Sunday, August 23, 2015

Trouble is a Friend of Mine by Stephanie Tromly

This copy was provided for free from Netgalley in exchange for a fair and honest review.

Thoughts at a glance: **** (It was really good)

Zoe Webster has just moved to River Heights, following her parents' divorce. She doesn't really like it there, and it's difficult to make friends. The only "friend" she has is this weird guy named Philip Digby. She's planning to keep her nose to the grindstone and hightail it out of that town to attend a fancy private school so that she can eventually go to Princeton. 

Digby shows up on her doorstep one day, and without so much as a polite introduction, he drags her into a whirlwind of crazy adventures. Digby has taken it upon himself to investigate the disappearance of a local teenage girl, and he's doing it his way, which happens to involve, for example, breaking and entering into a gynecologist's office (twice), snooping around drug dealers, and showing up in Zoe's window at odd hours of the night and scaring the bejeezus out of her.

Digby is infuriating, reckless, and often rude, but Zoe can't help but be drawn into his mission, especially after finding out that Digby's own sister had disappeared eight years ago. And as Digby continues to further unravel the mystery, the schemes start to get more ridiculous and dangerous. 

What got me to read this book was that it was described as "Sherlock meets Veronica Mars," and I think that is pretty much the best way to encapsulate the spirit of this novel. Digby really is a cross between Cumberbatch-Sherlock and Veronica - he is sharp as a tack, relentless in his pursuit of the truth, and comical in his blunt observations of others. Normally I would have a problem reading about a (male) character who has such an astounding disregard for other people's boundaries, but for some reason, it comes across as endearing here. Not that you don't at times want to smack him, but you get the feeling that when he does lie or manipulate the truth or push Zoe into going along with him, he's not doing it for some slimy, nefarious purpose. And this persona that he has hides a lot of pain underneath, that he only reveals to Zoe in very rare moments. There is an oddly magnetic quality about Digby, and it's no wonder that by the climax of the story, he's got an entire posse involved in his quest.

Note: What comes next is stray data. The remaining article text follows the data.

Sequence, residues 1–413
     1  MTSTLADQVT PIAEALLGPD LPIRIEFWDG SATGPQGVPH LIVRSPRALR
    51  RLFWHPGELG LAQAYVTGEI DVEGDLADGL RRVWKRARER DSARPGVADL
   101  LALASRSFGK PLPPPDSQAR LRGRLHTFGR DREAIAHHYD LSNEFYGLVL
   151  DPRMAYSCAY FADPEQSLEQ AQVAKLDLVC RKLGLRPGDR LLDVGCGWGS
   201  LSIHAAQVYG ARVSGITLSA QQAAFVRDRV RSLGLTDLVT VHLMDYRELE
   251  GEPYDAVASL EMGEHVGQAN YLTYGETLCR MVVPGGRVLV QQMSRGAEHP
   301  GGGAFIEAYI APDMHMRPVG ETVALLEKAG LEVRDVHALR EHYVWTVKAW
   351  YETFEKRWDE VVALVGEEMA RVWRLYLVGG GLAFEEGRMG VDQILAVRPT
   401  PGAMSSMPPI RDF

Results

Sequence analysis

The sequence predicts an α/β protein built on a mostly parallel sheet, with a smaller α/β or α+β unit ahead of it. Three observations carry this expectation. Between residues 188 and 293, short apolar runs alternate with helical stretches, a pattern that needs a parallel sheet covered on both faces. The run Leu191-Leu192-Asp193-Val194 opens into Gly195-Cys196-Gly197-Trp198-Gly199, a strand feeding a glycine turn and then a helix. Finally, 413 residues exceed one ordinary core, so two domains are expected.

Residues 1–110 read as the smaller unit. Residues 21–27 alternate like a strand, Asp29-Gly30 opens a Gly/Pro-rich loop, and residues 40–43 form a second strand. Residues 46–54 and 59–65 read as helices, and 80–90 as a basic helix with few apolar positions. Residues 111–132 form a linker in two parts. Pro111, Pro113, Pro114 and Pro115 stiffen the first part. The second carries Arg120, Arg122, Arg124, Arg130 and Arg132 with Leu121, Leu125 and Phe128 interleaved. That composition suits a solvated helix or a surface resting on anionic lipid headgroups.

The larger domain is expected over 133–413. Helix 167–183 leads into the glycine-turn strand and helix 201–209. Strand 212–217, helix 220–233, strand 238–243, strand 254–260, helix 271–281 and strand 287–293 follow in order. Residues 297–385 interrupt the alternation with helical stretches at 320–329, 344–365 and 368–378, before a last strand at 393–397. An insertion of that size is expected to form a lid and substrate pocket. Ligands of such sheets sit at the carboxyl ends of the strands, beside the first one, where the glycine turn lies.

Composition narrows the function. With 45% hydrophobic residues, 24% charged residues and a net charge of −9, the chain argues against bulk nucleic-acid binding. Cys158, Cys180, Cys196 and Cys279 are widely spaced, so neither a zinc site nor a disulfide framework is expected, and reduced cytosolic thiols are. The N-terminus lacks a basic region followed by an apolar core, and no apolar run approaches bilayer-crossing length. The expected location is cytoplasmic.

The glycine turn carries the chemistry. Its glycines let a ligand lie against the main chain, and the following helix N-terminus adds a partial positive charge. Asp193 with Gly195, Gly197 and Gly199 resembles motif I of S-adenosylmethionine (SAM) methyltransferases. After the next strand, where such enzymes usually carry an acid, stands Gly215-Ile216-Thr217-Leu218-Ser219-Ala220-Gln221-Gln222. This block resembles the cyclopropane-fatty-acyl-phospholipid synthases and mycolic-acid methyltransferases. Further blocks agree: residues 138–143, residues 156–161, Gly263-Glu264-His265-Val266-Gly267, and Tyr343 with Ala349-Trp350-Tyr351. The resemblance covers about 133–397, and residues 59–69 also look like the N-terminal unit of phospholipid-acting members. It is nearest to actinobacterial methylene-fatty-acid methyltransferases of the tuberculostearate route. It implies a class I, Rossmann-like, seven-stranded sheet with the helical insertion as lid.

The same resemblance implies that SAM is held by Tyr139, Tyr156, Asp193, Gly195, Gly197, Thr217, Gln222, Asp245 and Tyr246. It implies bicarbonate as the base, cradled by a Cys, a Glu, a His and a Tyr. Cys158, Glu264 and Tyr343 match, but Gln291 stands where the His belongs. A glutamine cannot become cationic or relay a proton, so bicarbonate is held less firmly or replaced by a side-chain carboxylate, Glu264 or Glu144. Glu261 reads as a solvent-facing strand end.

And Zoe is a fun narrator - I guess, in keeping with the comparisons, she's the Dr. Watson/Wallace Fennell figure. Digby exasperates her to no end, but she's clearly fascinated by him. He takes her out of her comfort zone, sees her in a way that even she doesn't see herself. They have this great chemistry together, and their bickering made me snicker on so many occasions - they're pretty hilarious! Digby seems to be oblivious to how frustrating he is, and Zoe is unafraid to snark at him, and together, they are a really fun pair. 

As far as the mystery itself... well, I'm not even sure I know how to describe it without spoiling anything, but let's say that it's compelling, totally over-the-top, and SO. MUCH. FUN. I haven't read anything like this in a while, and I completely loved it. I would be over the moon if there were sequels, because I totally want more Digby and Zoe. 

No comments:

Post a Comment

Before you comment, remember: respect and patience go a long way.